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Daily coverage of the Mariners during the season and all year long.

May 8, 2008 at 10:48 AM

Long days ahead

No two ways about it, this Mariners team — and all of us watching them — have some long days ahead, even if they somehow manage to turn their season around. I went through something like this covering the 2004 Toronto Blue Jays, a team that fans, some media and the manager felt was capable of winning 95 games. Instead, it wound up losing 94. I was not among the media picking that team as a favorite that year, so there was a certain inner satisfaction in knowing that I had the right feel for what transpired. Turns out, the team was a whole lot worse than the mere .500 squad I’d pinned it down as. And, after a couple of months of feeling smug, the season truly was one big drag to be a part of. Didn’t help when broadcast media colleague John Cerutti, the former major league pitcher, Toronto color analyst and all-around great guy, was found dead in his SkyDome hotel room of heart failure at age 43 on the morning of the season finale. Tom Cheek, the Dave Neihaus of Toronto radio, lost his elderly father one week, then got diagnosed with brain cancer the next and was dead within 15 months. That was the type of season I never wanted to cover again. Terrible memories and just a gloomy feeling all around, every single day you walked into that clubhouse. We’re supposed to be impartial in the media and generally are. But that clubhouse is still our workspace to a degree and if the mood is down, it’s a six-month, daily dose of depression you want to shed ASAP.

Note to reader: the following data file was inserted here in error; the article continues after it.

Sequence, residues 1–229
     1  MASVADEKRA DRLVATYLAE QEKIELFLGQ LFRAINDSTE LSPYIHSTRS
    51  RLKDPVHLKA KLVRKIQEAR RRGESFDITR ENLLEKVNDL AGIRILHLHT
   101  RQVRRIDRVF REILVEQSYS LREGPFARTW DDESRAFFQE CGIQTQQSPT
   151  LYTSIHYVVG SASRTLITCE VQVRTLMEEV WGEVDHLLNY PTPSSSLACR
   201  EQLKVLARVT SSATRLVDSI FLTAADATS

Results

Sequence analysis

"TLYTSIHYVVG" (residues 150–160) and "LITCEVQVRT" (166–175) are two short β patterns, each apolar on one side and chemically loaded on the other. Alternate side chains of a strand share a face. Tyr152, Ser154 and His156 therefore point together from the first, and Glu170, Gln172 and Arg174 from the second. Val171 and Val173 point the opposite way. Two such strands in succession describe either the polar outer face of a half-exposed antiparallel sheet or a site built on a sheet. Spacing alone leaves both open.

So, this time, I’m on the other side of the prognostication game, having picked the Mariners to make the playoffs. Obviously, some things I expected have not gone that way. This offense is a whole lot worse than I’d imagined it could be. And than I still think it will wind up being. But it had better wind up being something soon. Like tonight, or tomorrow. Because I’m not in favor of sitting through another season like in 2004. And even those of you who expected this offense to be lousy, I’m sure, would rather have been totally wrong than face the prospect of watching the worst team in the AL.